Despite the acclaimed health potential of buckwheat greens, they also contain phototoxic naftodianthrones called fagopyrins (Figure 1). Structurally, these are compounds similar with hypericin but incorporate nitrogen in their structures. Phototoxic effects caused by fagopyrins following exposure to sunshine is known as fagopyrism [12,29]. Hence, consuming large amounts of buckwheat leaves has been associated with induction of dermatitis, breathlessness, fainting, and hair loss [30]. The phototoxicity of fagopyrins is similar with that of hypericin, and toxicity in rodents at doses of 2.5–3 mg/kg [31] was reported, while toxic doses in humans remain to be established. A number of studies on fagopyrin contents of the leaves have been published and in the common buckwheat herb, 1.6–4.8 mg/g was reported, while the leaves are known to contain 0.3–2.3 mg/g [30,32,33,34]. On the other hand, flowers have been shown to have a higher fagopyrin content of up to 20.8 mg/g dry weight [30]. For a reasonable exploitation of rutin in high yield or potential nutraceutical applications, the leaves that can be obtained in high yield but also with less fagopyrin content are ideal. The fagopyrin content detected in the leaves in this investigation is very low (Table 3) but whether this level could be associated with toxic effect in humans still remains to be established. The far inferior (1.7-times) fagopyrin content in the leaves compared to that in the flowers along with the rutin content analysis data (Table 3) suggest that the leaves have better potential for further development as functional food or large scale production of rutin.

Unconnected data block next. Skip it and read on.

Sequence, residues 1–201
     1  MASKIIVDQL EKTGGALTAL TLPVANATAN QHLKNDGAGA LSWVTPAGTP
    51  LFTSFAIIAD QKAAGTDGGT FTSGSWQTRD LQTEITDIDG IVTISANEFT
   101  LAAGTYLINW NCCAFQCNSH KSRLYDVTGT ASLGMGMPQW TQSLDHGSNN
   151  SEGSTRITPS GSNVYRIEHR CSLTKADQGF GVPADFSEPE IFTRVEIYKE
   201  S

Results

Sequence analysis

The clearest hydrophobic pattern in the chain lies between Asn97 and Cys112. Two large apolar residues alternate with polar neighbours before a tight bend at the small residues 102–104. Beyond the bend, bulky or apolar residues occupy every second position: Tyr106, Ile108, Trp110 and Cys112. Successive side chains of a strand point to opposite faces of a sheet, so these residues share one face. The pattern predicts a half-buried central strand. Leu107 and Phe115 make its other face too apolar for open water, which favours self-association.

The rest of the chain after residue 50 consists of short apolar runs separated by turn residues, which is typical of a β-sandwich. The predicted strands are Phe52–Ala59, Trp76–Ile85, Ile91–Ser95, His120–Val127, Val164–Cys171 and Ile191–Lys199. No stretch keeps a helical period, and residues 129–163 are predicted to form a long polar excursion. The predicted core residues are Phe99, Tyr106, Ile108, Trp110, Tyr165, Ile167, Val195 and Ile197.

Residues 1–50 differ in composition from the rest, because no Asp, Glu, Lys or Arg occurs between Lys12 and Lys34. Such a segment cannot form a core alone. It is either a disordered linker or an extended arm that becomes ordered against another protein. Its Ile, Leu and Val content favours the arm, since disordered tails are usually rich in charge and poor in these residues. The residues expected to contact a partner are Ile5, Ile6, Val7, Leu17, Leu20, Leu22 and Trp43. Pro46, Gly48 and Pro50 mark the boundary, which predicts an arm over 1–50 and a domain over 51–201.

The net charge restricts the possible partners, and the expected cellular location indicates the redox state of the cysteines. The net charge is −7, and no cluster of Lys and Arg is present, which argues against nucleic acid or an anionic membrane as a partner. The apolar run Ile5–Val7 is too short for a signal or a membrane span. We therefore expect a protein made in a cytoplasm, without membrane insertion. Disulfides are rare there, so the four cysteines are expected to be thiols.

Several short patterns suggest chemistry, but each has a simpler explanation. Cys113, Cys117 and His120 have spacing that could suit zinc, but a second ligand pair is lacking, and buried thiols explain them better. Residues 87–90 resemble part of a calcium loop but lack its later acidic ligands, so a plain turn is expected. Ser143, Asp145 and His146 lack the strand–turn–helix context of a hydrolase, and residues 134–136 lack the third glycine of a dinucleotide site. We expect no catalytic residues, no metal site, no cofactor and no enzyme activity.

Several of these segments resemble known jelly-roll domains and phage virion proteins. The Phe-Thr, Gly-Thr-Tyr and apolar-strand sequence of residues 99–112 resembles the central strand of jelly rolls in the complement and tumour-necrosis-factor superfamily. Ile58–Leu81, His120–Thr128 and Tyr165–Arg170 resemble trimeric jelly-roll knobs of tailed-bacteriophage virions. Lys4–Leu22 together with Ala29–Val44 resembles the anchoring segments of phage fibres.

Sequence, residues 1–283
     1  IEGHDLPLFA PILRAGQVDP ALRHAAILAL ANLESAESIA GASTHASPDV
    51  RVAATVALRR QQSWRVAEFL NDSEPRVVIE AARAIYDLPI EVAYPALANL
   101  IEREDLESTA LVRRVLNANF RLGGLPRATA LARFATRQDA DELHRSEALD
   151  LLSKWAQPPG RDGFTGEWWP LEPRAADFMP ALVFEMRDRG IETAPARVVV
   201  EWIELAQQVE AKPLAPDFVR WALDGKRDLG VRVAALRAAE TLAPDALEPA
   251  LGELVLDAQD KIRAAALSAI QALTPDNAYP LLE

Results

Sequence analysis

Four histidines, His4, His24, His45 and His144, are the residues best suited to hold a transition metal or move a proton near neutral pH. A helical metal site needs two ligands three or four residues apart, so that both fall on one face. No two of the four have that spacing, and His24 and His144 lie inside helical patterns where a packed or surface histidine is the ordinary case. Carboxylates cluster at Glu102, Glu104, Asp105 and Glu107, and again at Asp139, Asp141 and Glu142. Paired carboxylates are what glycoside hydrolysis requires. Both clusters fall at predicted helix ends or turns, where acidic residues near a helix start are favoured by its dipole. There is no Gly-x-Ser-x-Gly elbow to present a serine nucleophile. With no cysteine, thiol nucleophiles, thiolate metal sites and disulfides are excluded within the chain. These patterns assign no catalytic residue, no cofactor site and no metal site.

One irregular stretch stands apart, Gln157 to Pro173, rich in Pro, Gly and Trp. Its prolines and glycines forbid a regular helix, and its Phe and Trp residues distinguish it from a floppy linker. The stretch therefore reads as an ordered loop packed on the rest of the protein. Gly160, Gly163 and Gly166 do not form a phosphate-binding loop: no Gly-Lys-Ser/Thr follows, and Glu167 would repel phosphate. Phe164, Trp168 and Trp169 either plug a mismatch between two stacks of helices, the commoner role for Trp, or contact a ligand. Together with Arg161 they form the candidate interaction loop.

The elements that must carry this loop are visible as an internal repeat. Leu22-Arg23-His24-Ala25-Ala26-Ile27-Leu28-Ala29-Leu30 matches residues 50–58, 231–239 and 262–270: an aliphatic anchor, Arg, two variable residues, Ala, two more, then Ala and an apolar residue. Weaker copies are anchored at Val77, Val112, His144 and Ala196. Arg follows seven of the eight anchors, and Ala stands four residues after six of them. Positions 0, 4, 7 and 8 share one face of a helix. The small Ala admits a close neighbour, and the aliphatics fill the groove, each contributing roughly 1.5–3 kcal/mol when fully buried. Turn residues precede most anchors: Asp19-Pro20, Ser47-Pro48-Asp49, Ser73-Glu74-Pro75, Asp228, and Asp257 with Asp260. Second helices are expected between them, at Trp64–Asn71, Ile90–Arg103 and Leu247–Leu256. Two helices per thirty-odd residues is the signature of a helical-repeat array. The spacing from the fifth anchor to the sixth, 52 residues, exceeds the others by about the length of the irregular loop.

3.6. General Summary and Conclusion